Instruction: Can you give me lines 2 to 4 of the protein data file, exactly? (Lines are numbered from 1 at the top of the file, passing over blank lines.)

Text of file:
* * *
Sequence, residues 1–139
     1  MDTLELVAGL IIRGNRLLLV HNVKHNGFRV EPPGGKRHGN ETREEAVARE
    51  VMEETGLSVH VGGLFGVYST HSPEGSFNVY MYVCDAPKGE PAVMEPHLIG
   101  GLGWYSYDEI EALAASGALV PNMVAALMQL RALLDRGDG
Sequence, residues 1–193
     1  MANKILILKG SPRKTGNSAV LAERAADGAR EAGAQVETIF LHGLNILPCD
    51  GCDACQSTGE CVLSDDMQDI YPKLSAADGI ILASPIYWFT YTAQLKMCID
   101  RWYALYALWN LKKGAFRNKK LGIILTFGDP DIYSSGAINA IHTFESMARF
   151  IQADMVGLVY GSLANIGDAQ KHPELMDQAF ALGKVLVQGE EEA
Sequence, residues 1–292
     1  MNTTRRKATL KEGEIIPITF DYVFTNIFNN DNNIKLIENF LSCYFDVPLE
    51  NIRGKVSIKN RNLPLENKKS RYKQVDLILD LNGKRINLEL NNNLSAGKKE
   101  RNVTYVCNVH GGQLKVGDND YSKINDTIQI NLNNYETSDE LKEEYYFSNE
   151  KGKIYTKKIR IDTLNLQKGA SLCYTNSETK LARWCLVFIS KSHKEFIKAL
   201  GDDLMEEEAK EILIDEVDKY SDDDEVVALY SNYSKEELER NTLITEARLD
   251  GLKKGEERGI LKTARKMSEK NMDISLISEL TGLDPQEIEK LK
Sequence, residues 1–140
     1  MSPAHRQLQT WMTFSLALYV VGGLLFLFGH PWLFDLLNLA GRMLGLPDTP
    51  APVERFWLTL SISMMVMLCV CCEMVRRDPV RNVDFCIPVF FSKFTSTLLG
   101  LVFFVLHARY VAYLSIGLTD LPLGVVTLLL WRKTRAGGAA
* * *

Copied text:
     1  MDTLELVAGL IIRGNRLLLV HNVKHNGFRV EPPGGKRHGN ETREEAVARE
    51  VMEETGLSVH VGGLFGVYST HSPEGSFNVY MYVCDAPKGE PAVMEPHLIG
   101  GLGWYSYDEI EALAASGALV PNMVAALMQL RALLDRGDG